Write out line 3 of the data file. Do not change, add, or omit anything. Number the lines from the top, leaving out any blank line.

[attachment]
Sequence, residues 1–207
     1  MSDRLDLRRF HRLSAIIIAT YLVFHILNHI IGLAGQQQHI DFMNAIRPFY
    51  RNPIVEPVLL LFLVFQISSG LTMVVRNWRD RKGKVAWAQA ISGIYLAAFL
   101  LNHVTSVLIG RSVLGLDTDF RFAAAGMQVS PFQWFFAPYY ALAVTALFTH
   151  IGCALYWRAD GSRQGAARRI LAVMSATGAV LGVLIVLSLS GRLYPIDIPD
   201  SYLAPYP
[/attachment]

    51  RNPIVEPVLL LFLVFQISSG LTMVVRNWRD RKGKVAWAQA ISGIYLAAFL